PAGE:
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CHARTEREDCLUBBING


NorCal club adopts and cleans stretch of US 101


By Richard Klain #22237


MAYBE THE “EMPTY NEST SYN- drome” explains why an otherwise sane person would adopt a two-mile stretch of highway that looked like the kids had just trashed it. And Maybe that’s why the NorCal Club decided to Adopt-A-Highway. Ed Perry, NorCal Club’s Historian,


had retired and had more time to travel the world, often by motorcycle. As he travelled around California, his home state, he started noticing the in- creasingly littered highways. To Ed, California was looking like many of the littered third world countries he had visited. Something had to be done, and Ed was starting to also notice the Adopt-A-Highway signs with an 800 number to call. He became determined to do something about it, even if he couldn’t convince others to help. Ed can be pretty persuasive, and the


San Francisco Bay Area NorCal club agreed to Adopt-A-Highway, as long as Ed handled the details. But, first a little history about this particular vol- untary way of performing community service. US 101, when it was established in


1926, was one of the original national routes, running through California, north-south, from the Oregon border down to San Diego on the Mexican border. Over time, 101 has been dis- sected in places, superseded by other highways, yet remains the longest highway of any kind in California. North-south will do that in a state that’s 770 miles long and 250 miles wide. The Adopt-a-Highway program,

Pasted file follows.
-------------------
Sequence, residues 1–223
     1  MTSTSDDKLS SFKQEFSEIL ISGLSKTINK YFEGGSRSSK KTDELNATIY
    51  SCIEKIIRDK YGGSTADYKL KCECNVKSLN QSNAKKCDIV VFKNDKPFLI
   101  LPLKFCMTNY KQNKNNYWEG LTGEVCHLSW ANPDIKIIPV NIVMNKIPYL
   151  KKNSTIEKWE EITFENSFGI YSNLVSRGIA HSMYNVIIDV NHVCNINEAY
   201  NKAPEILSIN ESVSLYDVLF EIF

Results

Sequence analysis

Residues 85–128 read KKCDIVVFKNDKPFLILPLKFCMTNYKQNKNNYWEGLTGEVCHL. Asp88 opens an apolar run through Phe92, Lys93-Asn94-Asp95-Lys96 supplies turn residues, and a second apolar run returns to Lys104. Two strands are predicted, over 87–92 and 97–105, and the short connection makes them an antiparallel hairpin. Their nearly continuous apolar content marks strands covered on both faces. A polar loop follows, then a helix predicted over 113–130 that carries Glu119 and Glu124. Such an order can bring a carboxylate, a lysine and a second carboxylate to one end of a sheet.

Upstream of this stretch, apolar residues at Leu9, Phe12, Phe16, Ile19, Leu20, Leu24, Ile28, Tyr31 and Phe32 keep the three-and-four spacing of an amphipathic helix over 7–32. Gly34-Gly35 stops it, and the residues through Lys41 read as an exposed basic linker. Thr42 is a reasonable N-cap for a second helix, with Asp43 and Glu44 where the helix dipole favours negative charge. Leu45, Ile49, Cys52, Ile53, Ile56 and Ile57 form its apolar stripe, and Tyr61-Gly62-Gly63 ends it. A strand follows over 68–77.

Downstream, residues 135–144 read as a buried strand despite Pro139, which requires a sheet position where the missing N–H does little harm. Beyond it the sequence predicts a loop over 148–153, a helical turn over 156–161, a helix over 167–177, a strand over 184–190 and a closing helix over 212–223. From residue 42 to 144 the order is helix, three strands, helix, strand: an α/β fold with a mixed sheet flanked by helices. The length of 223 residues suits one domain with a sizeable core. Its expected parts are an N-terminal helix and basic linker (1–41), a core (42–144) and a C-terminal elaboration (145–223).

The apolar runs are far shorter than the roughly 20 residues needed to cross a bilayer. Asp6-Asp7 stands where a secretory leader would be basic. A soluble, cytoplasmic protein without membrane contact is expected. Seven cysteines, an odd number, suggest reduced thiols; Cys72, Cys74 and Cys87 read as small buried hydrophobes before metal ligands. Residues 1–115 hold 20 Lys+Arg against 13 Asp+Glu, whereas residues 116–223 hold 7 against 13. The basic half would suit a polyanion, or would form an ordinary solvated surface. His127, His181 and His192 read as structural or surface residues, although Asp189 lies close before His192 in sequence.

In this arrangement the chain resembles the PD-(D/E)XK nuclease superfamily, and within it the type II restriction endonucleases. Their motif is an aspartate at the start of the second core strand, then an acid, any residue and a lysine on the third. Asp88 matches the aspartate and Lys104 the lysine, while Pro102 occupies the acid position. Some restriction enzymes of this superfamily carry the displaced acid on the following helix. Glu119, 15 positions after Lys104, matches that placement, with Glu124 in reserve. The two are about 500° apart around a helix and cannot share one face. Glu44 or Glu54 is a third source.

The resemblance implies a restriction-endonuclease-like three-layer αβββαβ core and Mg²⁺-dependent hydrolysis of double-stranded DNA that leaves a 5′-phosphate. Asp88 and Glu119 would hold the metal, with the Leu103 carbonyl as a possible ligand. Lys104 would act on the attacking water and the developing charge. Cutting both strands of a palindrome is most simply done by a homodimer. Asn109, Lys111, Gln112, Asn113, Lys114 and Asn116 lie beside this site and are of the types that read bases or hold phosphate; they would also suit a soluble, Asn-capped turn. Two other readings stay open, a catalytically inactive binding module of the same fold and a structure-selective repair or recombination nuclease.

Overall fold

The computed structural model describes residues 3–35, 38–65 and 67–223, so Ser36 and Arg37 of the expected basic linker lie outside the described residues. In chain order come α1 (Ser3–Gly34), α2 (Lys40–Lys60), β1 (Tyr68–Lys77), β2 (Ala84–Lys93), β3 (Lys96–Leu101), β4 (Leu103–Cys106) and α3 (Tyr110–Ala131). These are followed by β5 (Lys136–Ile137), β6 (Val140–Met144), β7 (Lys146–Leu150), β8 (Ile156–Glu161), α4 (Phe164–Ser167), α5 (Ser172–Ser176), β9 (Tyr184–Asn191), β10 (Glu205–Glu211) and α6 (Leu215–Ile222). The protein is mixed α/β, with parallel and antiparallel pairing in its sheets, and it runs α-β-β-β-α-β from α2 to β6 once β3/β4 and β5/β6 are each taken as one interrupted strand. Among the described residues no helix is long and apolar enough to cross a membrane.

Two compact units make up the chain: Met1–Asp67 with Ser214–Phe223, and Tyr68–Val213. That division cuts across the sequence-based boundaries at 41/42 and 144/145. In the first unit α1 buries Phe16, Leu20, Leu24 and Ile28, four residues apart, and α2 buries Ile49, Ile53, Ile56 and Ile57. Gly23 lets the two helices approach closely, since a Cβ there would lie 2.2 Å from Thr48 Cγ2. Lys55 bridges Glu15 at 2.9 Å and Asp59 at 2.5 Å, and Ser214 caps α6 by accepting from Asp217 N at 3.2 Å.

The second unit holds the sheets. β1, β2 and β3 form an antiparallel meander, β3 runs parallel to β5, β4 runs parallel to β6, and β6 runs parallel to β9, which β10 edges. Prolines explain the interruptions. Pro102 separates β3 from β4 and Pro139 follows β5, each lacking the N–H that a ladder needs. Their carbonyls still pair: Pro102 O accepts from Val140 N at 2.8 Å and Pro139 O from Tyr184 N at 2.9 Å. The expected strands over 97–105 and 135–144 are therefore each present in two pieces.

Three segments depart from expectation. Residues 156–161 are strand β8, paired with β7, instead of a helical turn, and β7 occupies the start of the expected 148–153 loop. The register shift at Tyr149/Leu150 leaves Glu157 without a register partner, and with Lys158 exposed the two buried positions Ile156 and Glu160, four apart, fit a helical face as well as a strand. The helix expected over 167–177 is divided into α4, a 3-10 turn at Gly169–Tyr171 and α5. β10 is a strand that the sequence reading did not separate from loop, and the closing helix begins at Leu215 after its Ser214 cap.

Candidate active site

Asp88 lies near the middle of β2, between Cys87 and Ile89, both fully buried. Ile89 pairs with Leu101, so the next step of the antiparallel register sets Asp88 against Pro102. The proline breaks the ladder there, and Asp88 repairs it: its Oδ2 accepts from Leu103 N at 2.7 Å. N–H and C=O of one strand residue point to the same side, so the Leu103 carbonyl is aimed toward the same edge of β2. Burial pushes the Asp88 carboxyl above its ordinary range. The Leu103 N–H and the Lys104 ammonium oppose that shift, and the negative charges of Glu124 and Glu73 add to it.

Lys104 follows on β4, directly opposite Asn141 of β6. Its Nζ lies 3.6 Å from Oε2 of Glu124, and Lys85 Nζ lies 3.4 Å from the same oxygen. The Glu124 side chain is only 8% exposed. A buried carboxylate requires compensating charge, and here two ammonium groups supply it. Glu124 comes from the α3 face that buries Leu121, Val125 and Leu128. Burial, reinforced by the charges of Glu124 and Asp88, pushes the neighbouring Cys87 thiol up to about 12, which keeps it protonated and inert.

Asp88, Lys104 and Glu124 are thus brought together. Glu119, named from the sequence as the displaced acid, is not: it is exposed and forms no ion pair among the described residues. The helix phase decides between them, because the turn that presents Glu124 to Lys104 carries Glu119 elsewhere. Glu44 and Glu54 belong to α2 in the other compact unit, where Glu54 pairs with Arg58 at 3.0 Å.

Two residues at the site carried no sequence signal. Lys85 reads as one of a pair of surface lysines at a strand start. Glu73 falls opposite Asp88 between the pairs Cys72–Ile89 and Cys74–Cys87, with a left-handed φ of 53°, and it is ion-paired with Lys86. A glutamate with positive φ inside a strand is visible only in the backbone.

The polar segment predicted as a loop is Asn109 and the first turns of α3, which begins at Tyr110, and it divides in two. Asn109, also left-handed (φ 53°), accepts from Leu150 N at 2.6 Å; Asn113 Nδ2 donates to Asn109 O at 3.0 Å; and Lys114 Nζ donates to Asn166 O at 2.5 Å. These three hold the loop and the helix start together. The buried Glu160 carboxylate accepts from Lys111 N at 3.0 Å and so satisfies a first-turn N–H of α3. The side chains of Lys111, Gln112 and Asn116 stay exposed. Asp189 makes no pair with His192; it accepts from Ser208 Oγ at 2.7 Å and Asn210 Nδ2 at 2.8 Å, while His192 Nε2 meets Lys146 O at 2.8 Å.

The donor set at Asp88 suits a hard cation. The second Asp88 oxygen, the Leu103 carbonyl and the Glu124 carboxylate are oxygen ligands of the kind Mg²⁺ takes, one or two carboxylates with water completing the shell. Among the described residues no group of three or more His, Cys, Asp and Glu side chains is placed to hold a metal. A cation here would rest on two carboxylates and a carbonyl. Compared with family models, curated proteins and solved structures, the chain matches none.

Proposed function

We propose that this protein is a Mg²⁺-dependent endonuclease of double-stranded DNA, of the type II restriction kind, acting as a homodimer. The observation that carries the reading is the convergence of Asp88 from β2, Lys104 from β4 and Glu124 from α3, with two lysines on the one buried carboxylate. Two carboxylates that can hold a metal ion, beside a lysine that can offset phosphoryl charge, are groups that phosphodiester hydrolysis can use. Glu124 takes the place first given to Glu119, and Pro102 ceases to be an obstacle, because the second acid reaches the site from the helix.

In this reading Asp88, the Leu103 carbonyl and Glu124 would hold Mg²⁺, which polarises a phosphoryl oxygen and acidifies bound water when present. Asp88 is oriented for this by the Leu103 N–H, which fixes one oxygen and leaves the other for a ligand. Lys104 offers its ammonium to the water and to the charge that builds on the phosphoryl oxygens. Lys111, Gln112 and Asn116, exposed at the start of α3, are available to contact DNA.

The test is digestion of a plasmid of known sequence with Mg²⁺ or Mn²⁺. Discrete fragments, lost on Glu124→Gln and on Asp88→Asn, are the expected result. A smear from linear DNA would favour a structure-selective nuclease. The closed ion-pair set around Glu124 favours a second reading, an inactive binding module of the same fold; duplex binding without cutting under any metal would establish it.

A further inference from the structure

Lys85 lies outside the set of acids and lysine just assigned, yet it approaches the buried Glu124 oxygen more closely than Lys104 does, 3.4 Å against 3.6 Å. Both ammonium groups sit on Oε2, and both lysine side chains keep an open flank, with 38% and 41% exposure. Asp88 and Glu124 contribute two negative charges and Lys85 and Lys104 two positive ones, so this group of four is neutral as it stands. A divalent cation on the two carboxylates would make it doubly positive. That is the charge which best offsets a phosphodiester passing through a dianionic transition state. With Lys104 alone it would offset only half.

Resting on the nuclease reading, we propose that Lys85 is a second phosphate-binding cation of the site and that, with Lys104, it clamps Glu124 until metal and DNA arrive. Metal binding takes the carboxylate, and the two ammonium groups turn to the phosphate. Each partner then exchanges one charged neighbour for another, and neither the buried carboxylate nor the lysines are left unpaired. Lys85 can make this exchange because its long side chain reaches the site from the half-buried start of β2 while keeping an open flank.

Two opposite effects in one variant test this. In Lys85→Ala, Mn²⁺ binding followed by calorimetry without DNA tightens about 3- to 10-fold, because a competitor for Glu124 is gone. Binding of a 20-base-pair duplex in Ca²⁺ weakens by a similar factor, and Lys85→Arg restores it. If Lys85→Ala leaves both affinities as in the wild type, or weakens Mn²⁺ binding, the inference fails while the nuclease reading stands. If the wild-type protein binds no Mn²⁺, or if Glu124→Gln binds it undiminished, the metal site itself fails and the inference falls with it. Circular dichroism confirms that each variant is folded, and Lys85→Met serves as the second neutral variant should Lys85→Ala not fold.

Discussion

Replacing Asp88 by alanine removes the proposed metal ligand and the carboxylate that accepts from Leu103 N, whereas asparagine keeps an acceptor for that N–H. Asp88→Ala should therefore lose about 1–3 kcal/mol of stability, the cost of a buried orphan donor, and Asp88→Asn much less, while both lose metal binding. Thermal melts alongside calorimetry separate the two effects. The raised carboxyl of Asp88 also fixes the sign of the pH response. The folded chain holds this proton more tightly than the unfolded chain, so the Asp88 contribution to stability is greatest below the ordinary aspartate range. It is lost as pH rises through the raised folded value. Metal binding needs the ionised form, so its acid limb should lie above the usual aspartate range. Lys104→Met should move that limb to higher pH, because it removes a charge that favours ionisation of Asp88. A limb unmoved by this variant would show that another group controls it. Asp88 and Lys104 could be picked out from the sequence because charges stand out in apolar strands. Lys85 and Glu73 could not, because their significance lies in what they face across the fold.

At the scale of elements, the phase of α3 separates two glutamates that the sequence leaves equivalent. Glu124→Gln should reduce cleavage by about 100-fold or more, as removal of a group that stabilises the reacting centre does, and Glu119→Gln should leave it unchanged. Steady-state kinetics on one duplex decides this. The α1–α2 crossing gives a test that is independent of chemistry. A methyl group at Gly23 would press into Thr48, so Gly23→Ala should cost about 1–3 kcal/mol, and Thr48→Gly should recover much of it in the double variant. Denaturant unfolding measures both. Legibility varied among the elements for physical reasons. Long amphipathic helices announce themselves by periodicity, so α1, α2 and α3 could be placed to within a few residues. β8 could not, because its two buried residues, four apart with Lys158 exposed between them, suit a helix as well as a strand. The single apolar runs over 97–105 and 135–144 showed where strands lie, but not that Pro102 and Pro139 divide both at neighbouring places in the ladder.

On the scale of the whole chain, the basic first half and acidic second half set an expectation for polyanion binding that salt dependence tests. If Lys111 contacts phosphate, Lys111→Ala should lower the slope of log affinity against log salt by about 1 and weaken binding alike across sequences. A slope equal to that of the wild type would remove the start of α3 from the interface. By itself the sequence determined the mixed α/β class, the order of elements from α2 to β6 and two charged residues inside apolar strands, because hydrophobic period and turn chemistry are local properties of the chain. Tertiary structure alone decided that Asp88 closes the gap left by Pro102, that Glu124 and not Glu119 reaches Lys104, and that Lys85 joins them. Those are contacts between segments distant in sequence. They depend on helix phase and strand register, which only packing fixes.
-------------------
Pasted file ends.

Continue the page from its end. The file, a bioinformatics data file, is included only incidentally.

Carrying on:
also known as Sponsor-A-Highway, got its start in the 1980s in Texas. The


110 BMW OWNERS NEWS June 2016


program began in Cali- fornia in 1989. The differ- ence between the two names is that Adopt-A- Highway, now in 49 states, means that a spon- soring organization’s members volunteer to pick up trash along a highway. Sponsor-A- Highway means a spon- soring organization pays someone else to pick up the trash, but still gets their name on a sign. A year ago Ed got the


go-ahead to contact the California Department of Transportation (Cal- trans) to get the ball roll- ing. Each state and each bureaucracy has its own application process, which normally takes from one to three months to complete. At the end of the process, one of our club members, Ted Crum, who’s also our club’s Tour Captain, designed the graphics which had to meet speci- fications. Caltrans then gave us a blank white panel that was taken to a recommended sign maker who charged about $150 to make our sign. The completed panel was returned to Caltrans for installation on one of their Adopt-A-Highway signs. Then there’s the safety orientation train-


NorCal’s three Adopt-A-Highway Safety Officers in front of sign. Left to right: Fred Montaño, Ed Perry and Steve Kesinger. (Photo by Author)


ing for a minimum of two designated Safety Officers. We had three: Ed Perry, Steve


Kesinger and Fred Montaño, who attended a safety training class at a nearby Caltrans maintenance station. They were issued twelve sets of safety equipment (no charge), which included colorful safety vests (color coordinated with the sign), hard hats,


lifestyle


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